ARREST AND ARRAIGNMENT
When a loved one is arrested, the immediate aftermath can be a trying experience. Communication with central booking in whichever county the individual was arrested will be key to determining when that person may be released and what bail might be set. The first hearing — called an arraignment — will take place once the formal charges are determined. In New York City’s five boroughs, criminal court arraignments are held day and night, seven days a week, 365 days a year, from 8:00 AM to 1:00 AM. Mr. Roitshtein is on-call and will attend arraignment.
Typically, at the arraignment, the primary issue will be whether or not the Court will set bail or release the individual on his or her “own recognizance” (without requiring any bail). If the judge decides that the accused cannot be trusted to return to court without some encouragement, the judge may set bail. The decisions to set bail and the amount of bail to set are discretionary, and depend on three factors: 1) prior criminal history, 2) the seriousness of the alleged conduct, and 3) community ties of the accused. Mr. Roitshtein will review the case with your loved one before arraignment (in lock-up) before presenting the judge with a thorough case for release.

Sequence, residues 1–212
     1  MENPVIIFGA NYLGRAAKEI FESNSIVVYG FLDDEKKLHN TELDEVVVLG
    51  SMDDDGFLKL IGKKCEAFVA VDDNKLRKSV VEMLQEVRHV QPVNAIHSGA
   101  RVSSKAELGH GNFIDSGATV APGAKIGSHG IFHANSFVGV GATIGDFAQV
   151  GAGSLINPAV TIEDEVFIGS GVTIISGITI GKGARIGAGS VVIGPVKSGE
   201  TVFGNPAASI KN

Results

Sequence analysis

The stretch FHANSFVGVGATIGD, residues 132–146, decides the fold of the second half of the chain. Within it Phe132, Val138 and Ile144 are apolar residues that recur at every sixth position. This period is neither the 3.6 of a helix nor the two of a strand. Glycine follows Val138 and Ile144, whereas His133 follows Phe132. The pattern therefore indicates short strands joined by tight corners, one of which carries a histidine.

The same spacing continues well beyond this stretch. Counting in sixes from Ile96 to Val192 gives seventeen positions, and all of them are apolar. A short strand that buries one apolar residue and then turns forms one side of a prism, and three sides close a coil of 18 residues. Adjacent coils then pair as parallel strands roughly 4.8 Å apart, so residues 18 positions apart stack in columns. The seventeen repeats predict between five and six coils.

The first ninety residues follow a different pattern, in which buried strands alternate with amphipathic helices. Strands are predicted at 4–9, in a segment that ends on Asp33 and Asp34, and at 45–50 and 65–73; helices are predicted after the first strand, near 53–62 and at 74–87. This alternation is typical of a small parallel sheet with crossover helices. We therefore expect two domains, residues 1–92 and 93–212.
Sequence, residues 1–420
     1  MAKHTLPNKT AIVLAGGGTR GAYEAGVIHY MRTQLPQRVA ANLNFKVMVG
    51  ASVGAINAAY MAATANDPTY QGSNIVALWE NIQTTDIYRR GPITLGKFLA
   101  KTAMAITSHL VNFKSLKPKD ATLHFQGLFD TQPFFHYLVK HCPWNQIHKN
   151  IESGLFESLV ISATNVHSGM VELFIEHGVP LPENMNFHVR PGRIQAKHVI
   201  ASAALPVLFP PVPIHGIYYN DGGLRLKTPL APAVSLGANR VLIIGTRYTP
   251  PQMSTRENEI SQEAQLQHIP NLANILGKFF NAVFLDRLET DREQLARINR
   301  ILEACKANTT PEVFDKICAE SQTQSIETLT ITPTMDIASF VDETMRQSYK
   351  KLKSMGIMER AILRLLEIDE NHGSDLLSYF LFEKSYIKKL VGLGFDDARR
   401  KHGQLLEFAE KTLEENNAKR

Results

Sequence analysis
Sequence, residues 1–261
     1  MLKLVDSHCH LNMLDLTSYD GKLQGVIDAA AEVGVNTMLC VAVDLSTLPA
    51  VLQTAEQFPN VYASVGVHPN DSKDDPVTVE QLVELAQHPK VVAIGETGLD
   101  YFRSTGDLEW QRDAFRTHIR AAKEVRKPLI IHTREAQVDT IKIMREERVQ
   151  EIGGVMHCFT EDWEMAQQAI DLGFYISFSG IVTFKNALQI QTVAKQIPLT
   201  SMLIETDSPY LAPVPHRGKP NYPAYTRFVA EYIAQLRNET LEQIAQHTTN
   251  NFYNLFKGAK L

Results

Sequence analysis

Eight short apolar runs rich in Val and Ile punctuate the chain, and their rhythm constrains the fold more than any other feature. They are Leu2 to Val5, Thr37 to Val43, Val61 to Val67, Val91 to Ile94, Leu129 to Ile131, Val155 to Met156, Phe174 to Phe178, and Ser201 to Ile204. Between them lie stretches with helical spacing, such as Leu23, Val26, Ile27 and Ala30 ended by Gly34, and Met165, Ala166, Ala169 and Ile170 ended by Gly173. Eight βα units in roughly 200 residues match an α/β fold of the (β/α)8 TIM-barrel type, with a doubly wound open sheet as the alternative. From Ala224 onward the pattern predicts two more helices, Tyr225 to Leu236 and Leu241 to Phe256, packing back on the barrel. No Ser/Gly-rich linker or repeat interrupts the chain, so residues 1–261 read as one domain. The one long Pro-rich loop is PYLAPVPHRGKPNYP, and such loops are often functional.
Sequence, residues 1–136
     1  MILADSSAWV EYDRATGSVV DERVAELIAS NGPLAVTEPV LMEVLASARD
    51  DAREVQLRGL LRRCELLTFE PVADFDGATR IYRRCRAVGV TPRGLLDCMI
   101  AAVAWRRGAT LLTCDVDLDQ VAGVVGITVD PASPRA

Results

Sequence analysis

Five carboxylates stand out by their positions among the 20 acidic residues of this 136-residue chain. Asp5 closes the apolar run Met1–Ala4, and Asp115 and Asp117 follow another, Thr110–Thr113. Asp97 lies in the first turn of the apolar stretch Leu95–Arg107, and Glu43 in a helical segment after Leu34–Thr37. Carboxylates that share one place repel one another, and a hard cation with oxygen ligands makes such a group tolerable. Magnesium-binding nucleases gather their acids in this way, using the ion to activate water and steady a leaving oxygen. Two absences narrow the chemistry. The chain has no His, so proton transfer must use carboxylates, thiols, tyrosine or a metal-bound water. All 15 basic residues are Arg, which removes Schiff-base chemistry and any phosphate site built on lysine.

After arraignment Mr. Roitshtein will reach out to the district attorney that handles the case to try and negotiate a reasonable settlement. Depending on the circumstances of your case, settlements may range from full dismissal of the charges to pleading guilty to a lesser offense. Serious cases can involve incarceration. Where settlement is not a reasonable alternative, trial may be the only option.
If you or someone you know has been arrested, you can also find helpful phone numbers and other resources here.